Does belief predict efficacy of a self-compassion induction?
Conway, Tara Leigh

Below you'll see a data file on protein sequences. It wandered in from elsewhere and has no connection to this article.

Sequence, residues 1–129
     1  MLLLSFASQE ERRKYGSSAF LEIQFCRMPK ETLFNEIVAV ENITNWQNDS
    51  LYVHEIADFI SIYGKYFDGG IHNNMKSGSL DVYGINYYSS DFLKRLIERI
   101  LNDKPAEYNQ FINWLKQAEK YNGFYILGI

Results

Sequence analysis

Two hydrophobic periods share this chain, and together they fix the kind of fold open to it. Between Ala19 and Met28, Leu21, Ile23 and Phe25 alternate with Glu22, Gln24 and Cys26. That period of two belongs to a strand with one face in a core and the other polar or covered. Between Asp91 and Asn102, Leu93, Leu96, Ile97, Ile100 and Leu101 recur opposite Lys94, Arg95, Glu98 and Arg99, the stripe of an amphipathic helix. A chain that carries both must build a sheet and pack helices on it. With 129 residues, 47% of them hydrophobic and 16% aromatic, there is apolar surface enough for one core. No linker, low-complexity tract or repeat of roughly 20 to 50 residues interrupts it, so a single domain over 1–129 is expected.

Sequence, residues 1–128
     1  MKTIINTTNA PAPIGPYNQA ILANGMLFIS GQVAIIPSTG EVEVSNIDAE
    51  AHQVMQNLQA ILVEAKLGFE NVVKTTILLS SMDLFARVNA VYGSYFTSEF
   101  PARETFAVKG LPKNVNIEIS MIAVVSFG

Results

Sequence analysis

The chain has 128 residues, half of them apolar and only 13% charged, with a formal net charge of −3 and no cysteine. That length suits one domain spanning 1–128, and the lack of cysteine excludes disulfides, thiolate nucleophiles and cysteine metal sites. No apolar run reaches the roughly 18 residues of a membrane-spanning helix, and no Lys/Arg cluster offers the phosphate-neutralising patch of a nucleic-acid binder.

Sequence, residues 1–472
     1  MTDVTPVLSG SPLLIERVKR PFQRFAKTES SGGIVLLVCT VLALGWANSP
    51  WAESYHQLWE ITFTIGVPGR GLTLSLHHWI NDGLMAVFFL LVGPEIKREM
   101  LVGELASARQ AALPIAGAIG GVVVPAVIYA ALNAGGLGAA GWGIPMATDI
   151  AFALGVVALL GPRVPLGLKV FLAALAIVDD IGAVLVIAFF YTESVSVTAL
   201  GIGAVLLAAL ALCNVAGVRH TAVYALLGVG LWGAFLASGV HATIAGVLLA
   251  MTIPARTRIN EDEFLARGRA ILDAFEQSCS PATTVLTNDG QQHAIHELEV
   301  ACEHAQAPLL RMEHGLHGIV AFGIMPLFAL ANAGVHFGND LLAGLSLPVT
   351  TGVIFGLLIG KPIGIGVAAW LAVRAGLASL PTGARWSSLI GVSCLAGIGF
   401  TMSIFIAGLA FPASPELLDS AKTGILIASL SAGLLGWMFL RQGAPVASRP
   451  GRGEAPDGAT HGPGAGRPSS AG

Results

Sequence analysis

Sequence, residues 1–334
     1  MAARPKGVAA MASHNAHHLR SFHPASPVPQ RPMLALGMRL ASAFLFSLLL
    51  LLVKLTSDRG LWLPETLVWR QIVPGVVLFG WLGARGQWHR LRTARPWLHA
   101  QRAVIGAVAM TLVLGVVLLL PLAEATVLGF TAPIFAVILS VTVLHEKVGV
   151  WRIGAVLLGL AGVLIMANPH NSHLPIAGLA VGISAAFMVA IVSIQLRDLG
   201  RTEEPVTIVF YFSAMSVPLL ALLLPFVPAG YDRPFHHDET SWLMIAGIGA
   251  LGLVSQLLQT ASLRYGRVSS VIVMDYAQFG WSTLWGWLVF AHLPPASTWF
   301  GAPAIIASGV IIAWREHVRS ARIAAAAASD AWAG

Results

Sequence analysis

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Self-compassion has consistently been found to contribute significantly to psychological well-being, and previous research has found that it can be increased using a simple writing task. As the mechanism underlying task efficacy is unknown, this study investigated the role of belief. Belief was found to predict change in self-compassion, self-esteem, and depression, with higher levels being associated with less improvement, an effect in the opposite direction as hypothesized. However, increase in belief across the three trials was positively correlated with improvement in self-compassion, depression, anxiety, and stress, indicating that change in belief represents a different psychological effect than absolute level of belief. Further, those who increased in belief reported improvement in well-being, while those who decreased did not. Results suggest that task efficacy, at least in part, depends on the degree to which perspectives are reappraised to become more congruent with self-compassionate perspectives, as opposed to simply depending on task repetition.